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Tag Archive: SCC

SCC Approves New Large Customer Renewable Energy Tariff

wind turbines and solar arraysThe Virginia State Corporation Commission (“SCC” or “Commission”) just approved a new tariff that will give customers of Dominion Energy Virginia (“Dominion”) an additional option to purchase renewable energy. On November 6, 2018, the SCC entered a Final Order approving Dominion’s application to offer a voluntary tariff designated “Rate Schedule RG.” The tariff is available to large, non-residential customers who agree to purchase the output, including all environmental attributes, from particular renewable energy facilities.

Participating customers may request to purchase the output from specific types of generation resources, such as solar and wind energy facilities. Dominion would either construct a new renewable facility or enter into a contract with a third-party generator to obtain the renewable energy necessary to serve the customer. Schedule RG, therefore, presents an opportunity for customers to choose the type of renewable energy they want to purchase. For example, a customer could request that Dominion enter into a contract with a particular generator. Or the customer could request the utility to build a new renewable facility on the customer’s premises or in a particular geographic location. The minimum facility size is 1 MW in nameplate capacity.

Participation in Schedule RG is capped at 50 customers. The tariff is also designed to ensure that non-participating customers do not subsidize any of the costs associated with Schedule RG. For example, Dominion may not place any of the Schedule RG facility costs in its rate base or the cost of service charged to non-participating customers.

The financial transactions supporting Schedule RG are complex. Participating customers would stay on their existing tariff and continue to pay all existing utility riders. At the same time, however, customers would pay a fixed price to purchase the renewable energy and would receive a “Schedule RG Credit” that is based on the wholesale price of energy and the capacity of the facility. In this way, the Schedule RG arrangement is like a financial “swap.” That is, participating customers would agree to pay a pre-determined renewable energy contract price, but would also receive the market price for the energy, which would be sold by Dominion in the PJM wholesale market. Thus, Schedule RG is designed to approximate the actual market cost of renewable energy from particular generating facilities.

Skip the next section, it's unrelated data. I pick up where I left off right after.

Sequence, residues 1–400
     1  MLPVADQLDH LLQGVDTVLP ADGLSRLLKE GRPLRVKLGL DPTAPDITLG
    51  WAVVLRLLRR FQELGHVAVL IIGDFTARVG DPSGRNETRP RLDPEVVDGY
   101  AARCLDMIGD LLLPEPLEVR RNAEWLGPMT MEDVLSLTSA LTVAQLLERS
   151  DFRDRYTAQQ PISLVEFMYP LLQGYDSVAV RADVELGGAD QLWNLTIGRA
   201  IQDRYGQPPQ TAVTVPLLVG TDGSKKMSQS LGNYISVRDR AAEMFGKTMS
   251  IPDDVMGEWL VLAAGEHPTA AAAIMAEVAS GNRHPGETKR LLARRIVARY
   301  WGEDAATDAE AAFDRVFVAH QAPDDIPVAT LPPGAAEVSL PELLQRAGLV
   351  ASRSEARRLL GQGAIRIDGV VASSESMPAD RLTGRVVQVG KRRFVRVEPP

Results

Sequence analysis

Several parties intervened in the case, including Walmart and two renewable and advanced energy trade associations. While several parties offered comments on the proposal, no party to the case opposed Schedule RG.

The SCC approved the application subject to several reporting requirements. The SCC also held that Schedule RG will expire after three years if no customers participate.

Finally, it is important to note that Schedule RG was not approved under Va. Code § 56-577 A 5 and would not constitute a 100% renewable energy tariff under this statutory provision. As we explained in our Regulatory Guide, this Code section authorizes any Virginia customer to purchase electricity “provided 100% from renewable energy” from non-utility suppliers, so long as the customer’s incumbent electric utility does not offer an SCC-approved tariff for 100% renewable energy. Therefore, if Dominion received approval to offer a 100% renewable energy tariff pursuant to Va. Code § 56-577 A 5, Dominion customers would lose their existing rights to shop for such energy.

Currently, no Virginia utility offers an SCC-approved 100% renewable energy tariff. Dominion and Appalachian Power have both applied for approval to offer such tariffs, which thus far have been rejected. In the last three years, the SCC has rejected two 100% renewable tariffs proposed by Appalachian Power and one proposed by Dominion. Dominion currently has one application pending, which would be available to residential and small commercial customers.

The SCC’s Final Order in Schedule RG, Case No. PUR-2017-00163, is available here. If you have any questions about Schedule RG or other renewable energy options offered by Virginia utilities, please contact one of our energy regulatory attorneys.